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Emails show lobbyists, not insiders, underpinned U.S. market-moving report

By Sarah N. Lynch and Andy Sullivan

WASHINGTON (Reuters) - The researcher whose report prompted a spike in health stocks last month appears to have relied on lobbyists rather than U.S. government insiders who had direct knowledge of a pending healthcare decision, according to emails reviewed by Reuters.

The messages could help bolster Height Securities LLC's claim that its analyst was essentially doing what reporters, lobbyists and others in Washington do every day: trying to figure out what the government is going to do next.

The small research shop is among the brokerages, law firms and other "political intelligence" operations that have drawn scrutiny over concerns that they may have facilitated insider trading by passing along tips that moved markets.

Height Securities has drawn inquiries from the Securities and Exchange Commission and Iowa Republican Senator Charles Grassley since it correctly predicted on April 1 that President Barack Obama's administration would keep certain medical payment rates in place, prompting a spike in healthcare stocks before the official announcement came out.

The analyst who prepared the report, Justin Simon, reached out to a healthcare lobbyist shortly before he issued his market-moving research bulletin, the emails show.

"I'm tracking down a rumor ... any chance you have heard that POTUS/WH have stepped in" to keep the Medicare rates in place, Simon asked, using shorthand for Obama and the White House.

Other documents indicate the lobbyist, whose name was redacted from the report, is Stacey Hughes, a founding partner of the Nickles Group who used to work for several Republican senators. She could not be reached for comment.

"That is the rumor," Hughes responded, adding that it was "a little more likely" that the Centers for Medicare & Medicaid Services would not cut payment rates for healthcare providers after the acting head of the agency that oversees the two programs, Marilyn Tavenner, met with staffers of the Senate Finance Committee.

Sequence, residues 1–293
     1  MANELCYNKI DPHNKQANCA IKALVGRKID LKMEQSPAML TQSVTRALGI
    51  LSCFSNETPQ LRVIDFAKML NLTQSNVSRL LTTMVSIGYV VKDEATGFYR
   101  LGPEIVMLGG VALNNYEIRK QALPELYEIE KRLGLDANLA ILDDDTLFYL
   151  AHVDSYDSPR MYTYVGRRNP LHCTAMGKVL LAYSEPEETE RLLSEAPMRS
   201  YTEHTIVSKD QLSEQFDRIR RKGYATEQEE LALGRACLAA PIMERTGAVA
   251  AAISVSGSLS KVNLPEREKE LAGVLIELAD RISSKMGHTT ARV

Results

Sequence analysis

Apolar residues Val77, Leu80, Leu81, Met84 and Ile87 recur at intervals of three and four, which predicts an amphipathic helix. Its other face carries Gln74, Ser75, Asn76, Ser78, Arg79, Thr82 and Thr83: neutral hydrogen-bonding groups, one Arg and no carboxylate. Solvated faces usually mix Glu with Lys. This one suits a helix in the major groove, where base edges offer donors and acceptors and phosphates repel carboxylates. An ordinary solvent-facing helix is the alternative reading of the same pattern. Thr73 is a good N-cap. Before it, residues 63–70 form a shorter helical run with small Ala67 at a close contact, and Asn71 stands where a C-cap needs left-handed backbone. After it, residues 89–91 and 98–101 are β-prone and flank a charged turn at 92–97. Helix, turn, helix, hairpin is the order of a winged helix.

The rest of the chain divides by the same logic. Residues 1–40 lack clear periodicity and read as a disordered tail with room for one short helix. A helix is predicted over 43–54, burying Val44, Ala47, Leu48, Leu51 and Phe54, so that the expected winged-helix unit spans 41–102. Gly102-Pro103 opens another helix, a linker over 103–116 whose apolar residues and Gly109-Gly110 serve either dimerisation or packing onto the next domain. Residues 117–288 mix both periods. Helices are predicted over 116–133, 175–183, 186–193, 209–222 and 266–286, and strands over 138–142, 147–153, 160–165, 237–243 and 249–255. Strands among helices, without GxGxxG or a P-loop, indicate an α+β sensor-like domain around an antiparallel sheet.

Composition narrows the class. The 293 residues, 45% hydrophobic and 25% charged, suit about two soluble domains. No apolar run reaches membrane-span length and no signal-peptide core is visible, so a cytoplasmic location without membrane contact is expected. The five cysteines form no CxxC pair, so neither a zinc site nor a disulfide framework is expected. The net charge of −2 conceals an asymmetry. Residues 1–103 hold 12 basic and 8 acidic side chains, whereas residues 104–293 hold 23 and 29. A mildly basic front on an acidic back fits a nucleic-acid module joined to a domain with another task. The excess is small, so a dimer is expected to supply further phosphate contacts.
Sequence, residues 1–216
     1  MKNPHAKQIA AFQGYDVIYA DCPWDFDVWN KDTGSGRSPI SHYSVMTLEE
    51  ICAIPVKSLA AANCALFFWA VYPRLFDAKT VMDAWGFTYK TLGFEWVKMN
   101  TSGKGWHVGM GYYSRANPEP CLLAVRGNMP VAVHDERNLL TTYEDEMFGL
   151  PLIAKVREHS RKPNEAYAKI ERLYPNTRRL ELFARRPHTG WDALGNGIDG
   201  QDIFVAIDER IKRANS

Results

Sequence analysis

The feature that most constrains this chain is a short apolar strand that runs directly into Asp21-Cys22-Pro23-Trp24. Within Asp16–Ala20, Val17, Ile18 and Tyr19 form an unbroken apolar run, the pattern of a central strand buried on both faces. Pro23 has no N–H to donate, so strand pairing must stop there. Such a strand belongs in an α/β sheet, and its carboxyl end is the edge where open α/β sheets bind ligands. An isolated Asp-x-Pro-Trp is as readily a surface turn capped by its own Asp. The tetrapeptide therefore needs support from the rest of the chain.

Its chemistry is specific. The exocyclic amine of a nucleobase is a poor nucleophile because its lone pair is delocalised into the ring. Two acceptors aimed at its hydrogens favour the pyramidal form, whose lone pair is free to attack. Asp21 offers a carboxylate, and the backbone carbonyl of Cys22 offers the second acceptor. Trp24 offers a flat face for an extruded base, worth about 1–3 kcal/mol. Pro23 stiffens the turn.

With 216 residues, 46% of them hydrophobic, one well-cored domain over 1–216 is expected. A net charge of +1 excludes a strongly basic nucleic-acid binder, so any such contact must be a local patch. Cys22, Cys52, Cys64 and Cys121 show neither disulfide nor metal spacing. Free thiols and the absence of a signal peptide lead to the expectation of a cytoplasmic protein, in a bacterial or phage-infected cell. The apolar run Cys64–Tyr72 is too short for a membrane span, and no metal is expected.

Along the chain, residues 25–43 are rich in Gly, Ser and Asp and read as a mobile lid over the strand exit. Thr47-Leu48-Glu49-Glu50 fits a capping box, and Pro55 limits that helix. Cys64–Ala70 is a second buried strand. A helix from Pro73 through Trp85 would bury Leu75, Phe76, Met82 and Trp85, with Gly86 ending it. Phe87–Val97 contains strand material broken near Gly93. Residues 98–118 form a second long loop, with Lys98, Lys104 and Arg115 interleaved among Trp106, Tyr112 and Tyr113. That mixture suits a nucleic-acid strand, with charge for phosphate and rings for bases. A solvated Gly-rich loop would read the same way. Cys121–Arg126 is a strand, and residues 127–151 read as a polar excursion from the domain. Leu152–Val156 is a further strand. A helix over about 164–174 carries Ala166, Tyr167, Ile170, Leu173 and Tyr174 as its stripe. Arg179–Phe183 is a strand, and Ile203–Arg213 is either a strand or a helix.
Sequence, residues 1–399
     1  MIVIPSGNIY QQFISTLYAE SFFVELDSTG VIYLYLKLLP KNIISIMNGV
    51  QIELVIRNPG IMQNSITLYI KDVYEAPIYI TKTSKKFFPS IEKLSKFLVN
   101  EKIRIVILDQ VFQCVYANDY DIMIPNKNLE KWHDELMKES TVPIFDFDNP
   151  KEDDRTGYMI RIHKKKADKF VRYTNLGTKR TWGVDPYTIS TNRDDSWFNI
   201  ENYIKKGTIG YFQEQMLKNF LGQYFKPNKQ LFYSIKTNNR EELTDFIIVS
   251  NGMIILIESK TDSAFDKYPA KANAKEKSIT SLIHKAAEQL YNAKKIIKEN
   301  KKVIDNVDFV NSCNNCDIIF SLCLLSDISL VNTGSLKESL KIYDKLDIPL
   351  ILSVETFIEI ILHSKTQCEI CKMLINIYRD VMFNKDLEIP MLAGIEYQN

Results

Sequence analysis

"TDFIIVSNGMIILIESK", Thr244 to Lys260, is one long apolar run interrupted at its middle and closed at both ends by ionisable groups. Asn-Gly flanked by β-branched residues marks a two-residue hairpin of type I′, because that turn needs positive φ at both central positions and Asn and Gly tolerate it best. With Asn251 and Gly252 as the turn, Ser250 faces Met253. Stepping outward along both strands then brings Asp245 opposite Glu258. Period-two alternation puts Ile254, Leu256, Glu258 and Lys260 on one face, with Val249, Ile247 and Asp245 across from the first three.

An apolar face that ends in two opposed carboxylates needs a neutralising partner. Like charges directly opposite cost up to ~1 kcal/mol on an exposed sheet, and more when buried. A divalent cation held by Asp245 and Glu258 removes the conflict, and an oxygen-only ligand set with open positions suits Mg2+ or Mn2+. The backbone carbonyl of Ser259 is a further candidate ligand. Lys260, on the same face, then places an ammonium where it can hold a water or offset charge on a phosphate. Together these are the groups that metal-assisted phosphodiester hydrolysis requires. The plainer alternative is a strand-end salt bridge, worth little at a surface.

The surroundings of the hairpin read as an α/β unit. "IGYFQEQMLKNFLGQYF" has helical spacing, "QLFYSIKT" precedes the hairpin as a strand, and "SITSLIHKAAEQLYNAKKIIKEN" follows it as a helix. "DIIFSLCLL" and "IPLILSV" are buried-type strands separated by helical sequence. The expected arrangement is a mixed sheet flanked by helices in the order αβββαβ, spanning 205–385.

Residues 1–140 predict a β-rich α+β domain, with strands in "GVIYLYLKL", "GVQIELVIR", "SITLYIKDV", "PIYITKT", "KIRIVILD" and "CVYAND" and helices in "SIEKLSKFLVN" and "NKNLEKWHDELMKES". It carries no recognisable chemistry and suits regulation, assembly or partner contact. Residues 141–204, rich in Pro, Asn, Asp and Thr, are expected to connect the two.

Hughes wrote that the White House could decide to keep the current payment rates for the popular health programs as a way to convince lawmakers in the Senate to make her post permanent.

"Just my opinion," Hughes wrote.

Simon released his report about an hour later, prompting a spike in health stocks that stood to benefit from the decision.

"Did you see what I did to the stock in the final 30 min of trading?" Simon wrote Hughes after his report came out. "We heard the same story from like 30 people so we went with it."

A Height spokesman said the emails reviewed by Reuters confirm that Simon based his report on multiple sources of information, rather than a single Obama administration insider who would have had direct knowledge of the decision.

"We appreciate the fact that the released documents validate our claim all along - Height did not receive or disseminate material non-public information," the spokesman said.

That appeared unlikely to satisfy Grassley, who wants "political intelligence" firms to be subject to the same disclosure laws as lobbyists.

Grassley's office said Height was not cooperating as much as they would like and appeared to be giving inconsistent information.

"Senator Grassley continues to try to unwind the events leading up to the stock spike on April 1 and previous trading anomalies in the prior two weeks," spokeswoman Jill Gerber said.

Michael Asaro, a lawyer who represents Simon, declined to comment.

(Reporting by Sarah N. Lynch and Andy Sullivan; Editing by Marilyn W. Thompson and Xavier Briand)

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